So the story more or less sprung from those visual elements and they set the ground for what was going to follow. The feathers had a surreal, Fairy-Tale quality to it, and allowed us to create a world where a “witch in the woods” type character lives, for example. And the pale face emerging from the shadows is a more nightmarish, horrific image, so out of that was born a lot of the silhouette imagery, and the hide-and-seek sequences within the large concrete building at the end. – You mention nightmarish imagery, well let’s zero right in on that. Child Eater is a strong film because it particularly focuses in on Body Horror of the eyeball. Rather than take a scattershot approach, it really felt like you were wringing out all the permutations of what horrific things could happen to specifically your eyeballs – how much do you think the audience can read into that, in relation to the film’s themes?

Erlingur Thoroddsen – There is definitely a lot going on with the idea of a Horror film villain attacking people’s eyes. You could say that on some basic level, that’s exactly the function of a horror film personified. We’re obviously not the first movie to say or do this (Dario Argento’s Opera is a fun example of a film that really goes for the kill with that theme) and I won’t pretend that we are necessarily doing a very deep commentary on that theme, but it definitely wasn’t an accident that Robert Bowery goes for eyes of innocents.

MVD Entertainment Group

MVD Entertainment Group – And it would not have been anywhere near as effective without the great make-up work at play throughout Child Eater. How challenging an aspect of production did you find that?

Erlingur Thoroddsen – Thank you! It was definitely a big challenge — this was a very low budget production. We filmed for 19 days, most of the times in the middle of the night out in the woods, with no electricity. Our make up department was only one person: Fiona Tyson, who is a complete hero and genius. She did everything on her own, from designing the effects to applying them. There was a lot of pressure on her, but she constantly delivered the highest quality effects.

She had also worked with me on the short film, and so we already had a bit of experience with making eyeballs. This time around, Fiona wanted to make them taste better (because there is some eyeball-eating involved), and I think that may have been my favorite thing about the whole process: sweet eyeballs! – Sounds like a tough shoot. The final scene does a little more than just imply that things are not at peace in the universe of this film; do you consider this to be a standalone piece, or could you imagine further trips into this world?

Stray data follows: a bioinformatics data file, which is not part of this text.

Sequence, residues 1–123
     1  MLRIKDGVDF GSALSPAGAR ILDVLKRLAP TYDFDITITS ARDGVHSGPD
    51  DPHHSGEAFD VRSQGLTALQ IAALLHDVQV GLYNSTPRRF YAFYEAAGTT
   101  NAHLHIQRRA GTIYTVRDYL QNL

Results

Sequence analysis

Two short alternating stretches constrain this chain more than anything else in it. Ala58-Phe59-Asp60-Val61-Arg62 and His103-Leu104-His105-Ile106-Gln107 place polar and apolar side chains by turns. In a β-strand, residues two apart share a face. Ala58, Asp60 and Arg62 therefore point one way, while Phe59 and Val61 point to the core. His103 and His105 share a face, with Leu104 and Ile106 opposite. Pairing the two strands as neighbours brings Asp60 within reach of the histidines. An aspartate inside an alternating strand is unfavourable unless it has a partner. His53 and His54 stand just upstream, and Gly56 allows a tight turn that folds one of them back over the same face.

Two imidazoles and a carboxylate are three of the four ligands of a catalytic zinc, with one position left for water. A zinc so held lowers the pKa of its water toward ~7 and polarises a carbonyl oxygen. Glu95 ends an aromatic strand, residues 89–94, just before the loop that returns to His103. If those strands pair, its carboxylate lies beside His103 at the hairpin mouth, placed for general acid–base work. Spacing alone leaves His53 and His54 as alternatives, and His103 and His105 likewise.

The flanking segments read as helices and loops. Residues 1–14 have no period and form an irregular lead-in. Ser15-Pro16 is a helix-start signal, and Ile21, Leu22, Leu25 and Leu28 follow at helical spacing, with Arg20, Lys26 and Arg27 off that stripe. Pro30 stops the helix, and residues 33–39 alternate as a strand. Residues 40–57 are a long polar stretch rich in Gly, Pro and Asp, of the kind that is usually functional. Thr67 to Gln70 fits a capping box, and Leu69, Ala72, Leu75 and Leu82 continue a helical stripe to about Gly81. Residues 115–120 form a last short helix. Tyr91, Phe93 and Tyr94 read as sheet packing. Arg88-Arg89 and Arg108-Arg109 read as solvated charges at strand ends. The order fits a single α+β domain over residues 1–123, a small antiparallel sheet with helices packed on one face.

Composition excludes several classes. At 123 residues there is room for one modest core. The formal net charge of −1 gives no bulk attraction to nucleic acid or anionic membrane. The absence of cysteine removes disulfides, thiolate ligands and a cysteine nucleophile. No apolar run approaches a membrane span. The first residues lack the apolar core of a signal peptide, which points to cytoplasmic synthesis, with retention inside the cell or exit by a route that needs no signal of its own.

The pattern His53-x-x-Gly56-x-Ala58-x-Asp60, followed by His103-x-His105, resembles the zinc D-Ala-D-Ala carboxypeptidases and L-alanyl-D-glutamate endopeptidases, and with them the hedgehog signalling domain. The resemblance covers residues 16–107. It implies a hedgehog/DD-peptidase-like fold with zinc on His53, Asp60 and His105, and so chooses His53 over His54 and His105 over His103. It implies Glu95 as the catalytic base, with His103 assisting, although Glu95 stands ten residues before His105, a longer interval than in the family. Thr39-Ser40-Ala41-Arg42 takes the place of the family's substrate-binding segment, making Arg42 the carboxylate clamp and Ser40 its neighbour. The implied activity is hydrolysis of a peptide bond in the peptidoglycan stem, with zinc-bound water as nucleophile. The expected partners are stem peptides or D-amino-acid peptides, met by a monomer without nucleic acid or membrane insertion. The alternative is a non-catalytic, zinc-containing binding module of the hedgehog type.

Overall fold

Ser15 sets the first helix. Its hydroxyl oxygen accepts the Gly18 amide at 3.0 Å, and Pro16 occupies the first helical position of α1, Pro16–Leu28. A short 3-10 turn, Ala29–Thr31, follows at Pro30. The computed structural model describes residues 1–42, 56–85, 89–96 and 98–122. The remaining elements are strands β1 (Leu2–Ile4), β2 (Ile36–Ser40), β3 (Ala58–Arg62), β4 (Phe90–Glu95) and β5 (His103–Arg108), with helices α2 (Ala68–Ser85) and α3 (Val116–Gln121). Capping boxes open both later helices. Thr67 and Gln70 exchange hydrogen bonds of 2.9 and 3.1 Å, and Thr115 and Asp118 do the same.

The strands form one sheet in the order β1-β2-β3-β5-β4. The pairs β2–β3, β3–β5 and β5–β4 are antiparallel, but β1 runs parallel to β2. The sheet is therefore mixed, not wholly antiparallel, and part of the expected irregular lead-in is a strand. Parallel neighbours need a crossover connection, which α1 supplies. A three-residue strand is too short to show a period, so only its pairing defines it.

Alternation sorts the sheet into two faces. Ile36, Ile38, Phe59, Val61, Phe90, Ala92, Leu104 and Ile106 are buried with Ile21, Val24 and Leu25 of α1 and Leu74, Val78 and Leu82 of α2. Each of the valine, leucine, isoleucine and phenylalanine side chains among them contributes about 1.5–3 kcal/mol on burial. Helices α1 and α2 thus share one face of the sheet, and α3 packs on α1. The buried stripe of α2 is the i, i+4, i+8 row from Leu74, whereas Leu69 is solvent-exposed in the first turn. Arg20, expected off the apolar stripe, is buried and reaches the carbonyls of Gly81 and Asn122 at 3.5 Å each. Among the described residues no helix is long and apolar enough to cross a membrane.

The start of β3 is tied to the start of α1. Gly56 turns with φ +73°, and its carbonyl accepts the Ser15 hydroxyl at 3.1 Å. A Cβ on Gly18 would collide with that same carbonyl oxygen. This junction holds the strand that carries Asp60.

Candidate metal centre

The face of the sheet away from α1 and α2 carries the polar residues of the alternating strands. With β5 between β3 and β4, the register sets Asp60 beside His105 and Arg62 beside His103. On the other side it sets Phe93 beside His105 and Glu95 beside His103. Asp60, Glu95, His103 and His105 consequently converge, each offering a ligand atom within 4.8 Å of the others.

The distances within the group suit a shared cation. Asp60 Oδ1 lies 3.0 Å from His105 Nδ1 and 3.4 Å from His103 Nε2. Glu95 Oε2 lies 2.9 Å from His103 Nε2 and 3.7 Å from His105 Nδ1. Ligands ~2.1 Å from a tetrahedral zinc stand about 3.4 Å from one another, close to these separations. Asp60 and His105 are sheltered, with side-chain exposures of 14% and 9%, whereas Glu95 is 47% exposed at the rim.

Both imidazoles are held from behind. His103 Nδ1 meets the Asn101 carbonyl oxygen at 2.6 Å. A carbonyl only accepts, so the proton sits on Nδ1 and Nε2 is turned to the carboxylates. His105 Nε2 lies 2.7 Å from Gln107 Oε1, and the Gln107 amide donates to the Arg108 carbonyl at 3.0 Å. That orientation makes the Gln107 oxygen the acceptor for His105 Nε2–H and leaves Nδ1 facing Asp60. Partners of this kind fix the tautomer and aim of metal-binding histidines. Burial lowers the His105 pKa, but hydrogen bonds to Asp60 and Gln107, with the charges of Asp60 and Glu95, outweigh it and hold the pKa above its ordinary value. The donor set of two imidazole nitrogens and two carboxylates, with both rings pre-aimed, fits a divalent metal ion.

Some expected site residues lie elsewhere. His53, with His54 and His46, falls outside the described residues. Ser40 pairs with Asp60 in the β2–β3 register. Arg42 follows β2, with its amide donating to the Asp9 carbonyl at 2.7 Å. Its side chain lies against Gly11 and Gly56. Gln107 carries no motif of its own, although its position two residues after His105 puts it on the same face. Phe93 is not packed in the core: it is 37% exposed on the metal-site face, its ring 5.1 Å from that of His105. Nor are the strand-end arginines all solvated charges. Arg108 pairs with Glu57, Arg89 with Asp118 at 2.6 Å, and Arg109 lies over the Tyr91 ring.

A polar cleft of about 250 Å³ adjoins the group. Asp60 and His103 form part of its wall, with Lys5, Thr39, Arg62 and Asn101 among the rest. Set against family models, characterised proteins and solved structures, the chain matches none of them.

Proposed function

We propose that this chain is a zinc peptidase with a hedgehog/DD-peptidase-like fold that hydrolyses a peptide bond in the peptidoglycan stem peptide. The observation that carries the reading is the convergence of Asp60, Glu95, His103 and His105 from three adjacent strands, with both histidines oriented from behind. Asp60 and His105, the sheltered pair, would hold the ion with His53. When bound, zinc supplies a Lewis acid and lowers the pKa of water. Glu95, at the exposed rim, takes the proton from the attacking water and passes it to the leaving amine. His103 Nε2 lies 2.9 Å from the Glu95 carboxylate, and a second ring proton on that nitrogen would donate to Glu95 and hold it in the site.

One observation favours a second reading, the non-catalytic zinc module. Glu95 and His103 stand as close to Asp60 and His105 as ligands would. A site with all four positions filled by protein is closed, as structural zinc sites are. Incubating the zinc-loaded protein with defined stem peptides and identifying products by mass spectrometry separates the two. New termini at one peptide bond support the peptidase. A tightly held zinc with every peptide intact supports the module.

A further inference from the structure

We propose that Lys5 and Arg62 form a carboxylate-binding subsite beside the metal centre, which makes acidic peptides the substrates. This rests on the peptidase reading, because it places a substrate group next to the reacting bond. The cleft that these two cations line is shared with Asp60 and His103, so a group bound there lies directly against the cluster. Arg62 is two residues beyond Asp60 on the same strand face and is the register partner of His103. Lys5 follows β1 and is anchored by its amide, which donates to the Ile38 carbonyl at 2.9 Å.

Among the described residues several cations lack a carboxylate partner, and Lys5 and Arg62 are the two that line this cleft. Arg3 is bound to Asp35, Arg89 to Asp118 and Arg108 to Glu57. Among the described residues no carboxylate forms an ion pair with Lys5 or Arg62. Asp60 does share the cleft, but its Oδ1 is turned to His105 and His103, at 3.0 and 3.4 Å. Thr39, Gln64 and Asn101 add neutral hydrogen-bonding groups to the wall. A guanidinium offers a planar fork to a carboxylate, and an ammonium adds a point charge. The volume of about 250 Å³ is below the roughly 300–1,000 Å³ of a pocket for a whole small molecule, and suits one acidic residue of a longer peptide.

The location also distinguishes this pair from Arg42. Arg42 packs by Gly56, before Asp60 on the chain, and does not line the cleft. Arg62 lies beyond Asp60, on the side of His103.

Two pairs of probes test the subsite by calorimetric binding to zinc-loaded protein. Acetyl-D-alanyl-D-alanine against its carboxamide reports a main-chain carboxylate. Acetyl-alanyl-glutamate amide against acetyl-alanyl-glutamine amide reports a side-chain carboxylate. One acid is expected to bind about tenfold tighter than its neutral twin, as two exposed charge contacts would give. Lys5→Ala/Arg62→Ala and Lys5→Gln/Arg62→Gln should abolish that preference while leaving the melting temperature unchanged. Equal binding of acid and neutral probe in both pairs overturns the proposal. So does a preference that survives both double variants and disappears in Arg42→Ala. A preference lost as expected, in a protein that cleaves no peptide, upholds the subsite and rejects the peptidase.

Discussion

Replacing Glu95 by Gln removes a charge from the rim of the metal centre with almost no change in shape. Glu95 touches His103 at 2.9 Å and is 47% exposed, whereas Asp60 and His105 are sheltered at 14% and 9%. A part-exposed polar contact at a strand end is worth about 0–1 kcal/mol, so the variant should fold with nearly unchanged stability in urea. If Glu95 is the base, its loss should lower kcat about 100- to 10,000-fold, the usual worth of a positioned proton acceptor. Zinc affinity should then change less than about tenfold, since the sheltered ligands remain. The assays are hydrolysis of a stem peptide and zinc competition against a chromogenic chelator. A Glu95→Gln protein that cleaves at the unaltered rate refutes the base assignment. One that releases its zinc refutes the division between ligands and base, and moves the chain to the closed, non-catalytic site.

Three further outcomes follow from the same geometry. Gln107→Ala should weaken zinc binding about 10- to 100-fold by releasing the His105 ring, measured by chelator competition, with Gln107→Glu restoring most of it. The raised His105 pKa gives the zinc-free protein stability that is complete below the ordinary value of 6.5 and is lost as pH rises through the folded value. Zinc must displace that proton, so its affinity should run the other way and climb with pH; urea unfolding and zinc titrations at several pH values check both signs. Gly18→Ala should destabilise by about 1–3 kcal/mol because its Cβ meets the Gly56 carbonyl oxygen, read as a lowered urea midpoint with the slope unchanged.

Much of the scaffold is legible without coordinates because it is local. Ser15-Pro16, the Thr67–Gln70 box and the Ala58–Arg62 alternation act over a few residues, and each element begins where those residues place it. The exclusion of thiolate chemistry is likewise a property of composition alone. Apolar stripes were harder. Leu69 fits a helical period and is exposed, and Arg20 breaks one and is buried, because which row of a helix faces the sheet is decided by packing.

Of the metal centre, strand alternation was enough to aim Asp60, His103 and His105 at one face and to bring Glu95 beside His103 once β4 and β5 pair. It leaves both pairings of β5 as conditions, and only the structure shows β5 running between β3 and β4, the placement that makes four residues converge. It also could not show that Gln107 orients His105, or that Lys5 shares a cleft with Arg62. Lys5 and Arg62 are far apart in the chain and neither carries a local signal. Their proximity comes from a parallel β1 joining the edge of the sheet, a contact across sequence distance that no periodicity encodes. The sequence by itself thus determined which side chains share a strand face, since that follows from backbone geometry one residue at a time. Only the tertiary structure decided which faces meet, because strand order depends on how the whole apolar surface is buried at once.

Erlingur Thoroddsen – I would definitely not be opposed to creating more mayhem within the same world. We talked a lot about a sequel while we were shooting, throwing around ideas about what could happen and where we could take the story. I definitely have a few ideas that could be very exciting to explore. If there’s an audience out there that wants more, then I think the whole team would love to reunite and make it happen. – Very interesting. What are some of your personal artistic inspirations?

Erlingur Thoroddsen – I feel like I get inspired from all sorts of things — the people around me, other movies, books or articles that I read, world news, visual arts, music … There was an album by Marina and The Diamonds that came out in 2015 called FROOT, that was just as much an inspiration to my last film as the movie references I discussed with my DP.

The best thing about cinema is that it can combine a multitude of visual and aural arts, so every filmmaker has a whole lot of material to work with. Although I have a lot of directors and artists I look up to, I think every one of them had different paths they took to get to where they are, so I’m happy to follow my own weird path and see where it takes me!

Neon Gold/ Atlantic

Neon Gold/ Atlantic – It will be exciting to see where your future films go. Since you clearly are a fan of genre films, what are some of your favorite Horror/Sci-Fi films?

Erlingur Thoroddsen – Absolutely, big big fan of Horror and Sci-Fi, especially when the two genres collide – Alien (1979), The Thing (1982), Event Horizon (1997). It’s always hard to pick favorites, but I think I can safely say that A Nightmare on Elm Street (1984), The Innocents (1961), Suspiria (1977), Dressed to Kill (1980) and Don’t Look Now (1973) are movies that I love to death and have watched way too many times. As for Sci-Fi, those three I mentioned first, and I also feel like I watch Sunshine (2007) all the time. In general, I love Space movies about small crews facing the unknown … I could go on and on, and I haven’t even mentioned a single Paul Verhoeven film, so let’s just leave it at that!

20th Century Fox

20th Century Fox

New Line Cinema

New Line Cinema

Purchase Child Eater: Amazon 

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Kayvan Rezaiezadeh
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A writer with as many opinions as he has interests - you're gonna want to hear some of them, believe me. Do so by following me on Twitter at @EffinLizardKing.